Hydraulic machines are machinery and tools that use liquid fluid power to do simple work. Heavy equipment is a common example.
In this type of machine, hydraulic fluid is transmitted throughout the machine to various hydraulic motors and hydraulic cylinders and which becomes pressurised according to the resistance present. The fluid is controlled directly or automatically by control valves and distributed through hoses and tubes.
The popularity of hydraulic machinery is due to the very large amount of power that can be transferred through small tubes and flexible hoses, and the high power density and wide array of actuators that can make use of this power.
Hydraulic machinery is operated by the use of hydraulics, where a liquid is the powering medium.
Hydraulic pumps supply fluid to the components in the system. Pressure in the system develops in reaction to the load. Hence, a pump rated for 5,000 psi is capable of maintaining flow against a load of 5,000 psi.
Pumps have a power density about ten times greater than an electric motor (by volume). They are powered by an electric motor or an engine, connected through gears, belts, or a flexible elastomeric coupling to reduce vibration.
Common types of hydraulic pumps to hydraulic machinery applications are;
An exploded view of an external gear pump.
- Gear pump: cheap, durable (especially in g-rotor form), simple. Less efficient, because they are constant (fixed) displacement, and mainly suitable for pressures below 20 MPa (3000 psi).
- Vane pump: cheap and simple, reliable. Good for higher-flow low-pressure output.
- Axial piston pump: many designed with a variable displacement mechanism, to vary output flow for automatic control of pressure. There are various axial piston pump designs, including swashplate (sometimes referred to as a valveplate pump) and checkball (sometimes referred to as a wobble plate pump). The most common is the swashplate pump. A variable-angle swashplate causes the pistons to reciprocate a greater or lesser distance per rotation, allowing output flow rate and pressure to be varied (greater displacement angle causes higher flow rate, lower pressure, and vice versa).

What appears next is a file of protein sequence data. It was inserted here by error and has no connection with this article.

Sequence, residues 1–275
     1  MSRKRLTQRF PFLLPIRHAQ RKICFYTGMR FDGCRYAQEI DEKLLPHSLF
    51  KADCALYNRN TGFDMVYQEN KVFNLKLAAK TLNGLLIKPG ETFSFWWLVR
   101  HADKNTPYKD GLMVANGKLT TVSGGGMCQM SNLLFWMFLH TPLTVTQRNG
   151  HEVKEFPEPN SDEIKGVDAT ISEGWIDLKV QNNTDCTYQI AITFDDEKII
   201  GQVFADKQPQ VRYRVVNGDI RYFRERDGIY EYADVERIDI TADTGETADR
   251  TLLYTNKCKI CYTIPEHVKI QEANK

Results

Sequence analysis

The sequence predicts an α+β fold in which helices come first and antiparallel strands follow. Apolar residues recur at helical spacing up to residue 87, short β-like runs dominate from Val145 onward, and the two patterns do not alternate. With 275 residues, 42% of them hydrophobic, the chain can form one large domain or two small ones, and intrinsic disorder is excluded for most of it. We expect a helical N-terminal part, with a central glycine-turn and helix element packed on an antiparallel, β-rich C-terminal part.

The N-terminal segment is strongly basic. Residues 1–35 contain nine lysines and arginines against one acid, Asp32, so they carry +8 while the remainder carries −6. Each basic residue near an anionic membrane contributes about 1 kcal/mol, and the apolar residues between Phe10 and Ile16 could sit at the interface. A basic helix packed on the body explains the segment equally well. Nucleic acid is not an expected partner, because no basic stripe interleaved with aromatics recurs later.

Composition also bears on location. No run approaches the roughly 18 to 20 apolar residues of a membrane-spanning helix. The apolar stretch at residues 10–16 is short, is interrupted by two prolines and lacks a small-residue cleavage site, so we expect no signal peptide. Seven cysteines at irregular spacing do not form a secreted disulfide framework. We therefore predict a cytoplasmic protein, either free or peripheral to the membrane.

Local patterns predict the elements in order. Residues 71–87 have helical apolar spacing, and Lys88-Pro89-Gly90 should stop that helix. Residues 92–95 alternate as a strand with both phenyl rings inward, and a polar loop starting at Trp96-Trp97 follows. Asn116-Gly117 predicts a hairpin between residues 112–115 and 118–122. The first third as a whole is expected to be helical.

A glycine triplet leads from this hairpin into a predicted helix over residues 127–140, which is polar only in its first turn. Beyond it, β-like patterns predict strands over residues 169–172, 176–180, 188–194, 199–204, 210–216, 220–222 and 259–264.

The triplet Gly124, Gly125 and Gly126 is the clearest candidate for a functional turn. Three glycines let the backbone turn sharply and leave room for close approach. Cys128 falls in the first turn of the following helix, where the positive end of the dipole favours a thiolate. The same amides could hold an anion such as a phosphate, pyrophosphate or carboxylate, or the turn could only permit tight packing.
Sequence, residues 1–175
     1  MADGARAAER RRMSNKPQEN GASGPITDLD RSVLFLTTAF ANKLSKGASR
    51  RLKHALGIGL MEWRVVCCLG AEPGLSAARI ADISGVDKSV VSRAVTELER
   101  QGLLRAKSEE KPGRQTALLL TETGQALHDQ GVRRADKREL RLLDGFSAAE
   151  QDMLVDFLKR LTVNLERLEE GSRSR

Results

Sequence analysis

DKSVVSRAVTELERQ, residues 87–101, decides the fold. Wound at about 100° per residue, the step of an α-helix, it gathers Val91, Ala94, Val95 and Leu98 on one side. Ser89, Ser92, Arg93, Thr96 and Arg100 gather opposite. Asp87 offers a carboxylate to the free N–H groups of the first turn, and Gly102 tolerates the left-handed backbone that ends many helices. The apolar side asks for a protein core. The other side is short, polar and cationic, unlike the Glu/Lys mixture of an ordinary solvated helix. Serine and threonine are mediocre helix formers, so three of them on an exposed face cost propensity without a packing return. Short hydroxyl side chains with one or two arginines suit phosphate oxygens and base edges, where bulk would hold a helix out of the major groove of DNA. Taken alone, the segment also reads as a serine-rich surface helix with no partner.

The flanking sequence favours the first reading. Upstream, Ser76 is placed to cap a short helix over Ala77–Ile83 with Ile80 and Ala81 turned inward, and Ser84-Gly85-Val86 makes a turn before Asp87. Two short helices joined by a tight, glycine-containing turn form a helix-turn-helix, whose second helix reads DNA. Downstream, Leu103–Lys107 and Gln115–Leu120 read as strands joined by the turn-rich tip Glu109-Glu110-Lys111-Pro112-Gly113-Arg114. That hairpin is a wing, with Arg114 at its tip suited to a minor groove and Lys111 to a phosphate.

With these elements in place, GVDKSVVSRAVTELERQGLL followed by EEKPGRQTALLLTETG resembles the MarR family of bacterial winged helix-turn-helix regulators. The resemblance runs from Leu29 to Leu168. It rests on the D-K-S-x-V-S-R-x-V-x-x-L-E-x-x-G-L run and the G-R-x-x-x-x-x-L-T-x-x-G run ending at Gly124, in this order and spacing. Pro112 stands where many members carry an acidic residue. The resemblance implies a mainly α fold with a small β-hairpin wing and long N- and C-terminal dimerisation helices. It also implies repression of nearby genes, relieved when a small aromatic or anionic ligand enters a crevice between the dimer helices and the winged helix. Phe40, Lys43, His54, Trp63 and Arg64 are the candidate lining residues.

- Radial piston pump: normally used for very high pressure at small flows.
Piston pumps are more expensive than gear or vane pumps, but provide longer life operating at higher pressure, with difficult fluids and longer continuous duty cycles. Piston pumps make up one half of a hydrostatic transmission.
Directional control valves route the fluid to the desired actuator. They usually consist of a spool inside a cast iron or steel housing. The spool slides to different positions in the housing, and intersecting grooves and channels route the fluid based on the spool's position.
The spool has a central (neutral) position maintained with springs; in this position the supply fluid is blocked, or returned to tank. Sliding the spool to one side routes the hydraulic fluid to an actuator and provides a return path from the actuator to tank. When the spool is moved to the opposite direction the supply and return paths are switched. When the spool is allowed to return to neutral (center) position the actuator fluid paths are blocked, locking it in position.
Directional control valves are usually designed to be stackable, with one valve for each hydraulic cylinder, and one fluid input supplying all the valves in the stack.
Tolerances are very tight in order to handle the high pressure and avoid leaking, spools typically have a clearance with the housing of less than a thousandth of an inch (25 µm). The valve block will be mounted to the machine's frame with a three point pattern to avoid distorting the valve block and jamming the valve's sensitive components.
The spool position may be actuated by mechanical levers, hydraulic pilot pressure, or solenoids which push the spool left or right. A seal allows part of the spool to protrude outside the housing, where it is accessible to the actuator.
The main valve block is usually a stack of off the shelf directional control valves chosen by flow capacity and performance. Some valves are designed to be proportional (flow rate proportional to valve position), while others may be simply on-off. The control valve is one of the most expensive and sensitive parts of a hydraulic circuit.